However, I thought that it wouldn’t work in a case like this:

I’m still wondering whether there’s a case in which we throw away a sequence which could work out as the longest one. Sadly, the author didn’t discuss the problem.

I see that there’s an inherent sub-structure. If we find the longest sequence in the last X numbers we can lengthen it by prepanding more stuff. Hm, thinking about it, that’s a good idea.

Let’s reverse the list:

[59 58 57 56 5 4 55 3 2]

Strangely, this does make more sense. Although, it’s probably equivalent. OK, new code.

We want a function which takes a list and returns a list with the largest subsets. More interesting however are the intermediate steps. We want it to give various things:

a) the current longest subsets
b) the next number

And it should return the longest subsets.

Let’s code. This took a while :D. So, we start with get-lengthy-subsets which returns a list of the largest subsets for each ‘level’.

Basically very straight forward. We start with a set with just one empty vector. Then check for each element in our set whether adding the next number is monotone bigger. We use the function get-increasing-coll for that. In case it is increasing, it returns the new vector with the number added. Otherwise it just returns the current variable.

This function uses increasing? which checks for the increment – which also works if we start with an empty vector.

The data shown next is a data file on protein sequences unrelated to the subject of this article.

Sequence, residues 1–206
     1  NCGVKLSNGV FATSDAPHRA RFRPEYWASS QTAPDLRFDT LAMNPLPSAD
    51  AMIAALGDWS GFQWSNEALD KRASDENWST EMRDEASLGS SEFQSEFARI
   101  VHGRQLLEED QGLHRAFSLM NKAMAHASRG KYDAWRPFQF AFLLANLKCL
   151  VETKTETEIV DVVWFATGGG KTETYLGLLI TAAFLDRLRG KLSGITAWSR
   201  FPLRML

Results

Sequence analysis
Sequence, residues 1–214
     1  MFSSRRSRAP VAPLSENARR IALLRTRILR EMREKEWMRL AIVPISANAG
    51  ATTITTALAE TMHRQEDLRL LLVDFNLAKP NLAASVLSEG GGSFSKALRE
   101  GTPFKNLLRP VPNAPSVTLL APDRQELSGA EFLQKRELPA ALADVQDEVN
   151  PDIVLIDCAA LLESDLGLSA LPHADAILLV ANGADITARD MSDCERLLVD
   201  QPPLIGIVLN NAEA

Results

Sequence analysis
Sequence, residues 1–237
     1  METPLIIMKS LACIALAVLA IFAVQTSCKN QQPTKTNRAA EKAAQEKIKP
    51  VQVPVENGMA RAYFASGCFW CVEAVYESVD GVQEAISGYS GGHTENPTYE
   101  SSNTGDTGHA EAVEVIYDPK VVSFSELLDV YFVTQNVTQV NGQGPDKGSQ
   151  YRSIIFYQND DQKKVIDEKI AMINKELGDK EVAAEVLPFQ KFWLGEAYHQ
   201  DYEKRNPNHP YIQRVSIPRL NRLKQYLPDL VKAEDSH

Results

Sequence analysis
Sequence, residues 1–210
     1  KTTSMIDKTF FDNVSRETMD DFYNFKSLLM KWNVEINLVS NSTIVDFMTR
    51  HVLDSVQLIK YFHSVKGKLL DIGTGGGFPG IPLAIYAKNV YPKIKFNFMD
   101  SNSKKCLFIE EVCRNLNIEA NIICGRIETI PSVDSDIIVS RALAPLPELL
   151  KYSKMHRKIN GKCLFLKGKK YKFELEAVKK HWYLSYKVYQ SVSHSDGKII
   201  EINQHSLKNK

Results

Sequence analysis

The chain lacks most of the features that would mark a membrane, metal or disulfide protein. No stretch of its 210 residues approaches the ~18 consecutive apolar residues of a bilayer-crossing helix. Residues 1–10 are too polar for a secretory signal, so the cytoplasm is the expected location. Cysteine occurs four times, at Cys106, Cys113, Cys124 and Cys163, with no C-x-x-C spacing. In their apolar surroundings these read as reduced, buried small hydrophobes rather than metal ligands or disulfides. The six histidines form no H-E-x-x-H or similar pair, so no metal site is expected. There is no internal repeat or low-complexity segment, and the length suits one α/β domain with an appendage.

The last function which helps us to get longest subset is easy:

We just sort by the length and select the last one. Done. Finally :D

How to Solve it by Computer #7

Algorithm 3.6: Use the linear congruential method to generate a uniform set of pseudo-random numbers.

This is great and something I never did before – like most of the stuff here. The method were using is the linear congruential method which should create a uniform distribution of numbers.

The basic idea is to use the following formula to create the next pseudo-random number:

x_{n+1} = (ax_n + b) mod n for n >= 0

However, there are specific criteria for each parameter.

Parameter x_0: 0 <= x_0 < m
Parameter m: m >= length sequence required, (ax+b) mod m is an integer
Parameter a: if m is a power of 2 then a mod 8 = 5; if m is a power of 10 then a mod 200 = 21
sqrt(m) < a < m – sqrt(m)
(a-1) should be a multiple of every prime dividing into m
if m is a multiple of 4 then (a-1) should be a multiple of 4
Parameter b: b should be odd, not a multiple of 5

These are a lot of requirements and the easiest thing to do is use existing values. Wikipedia provides common parameters.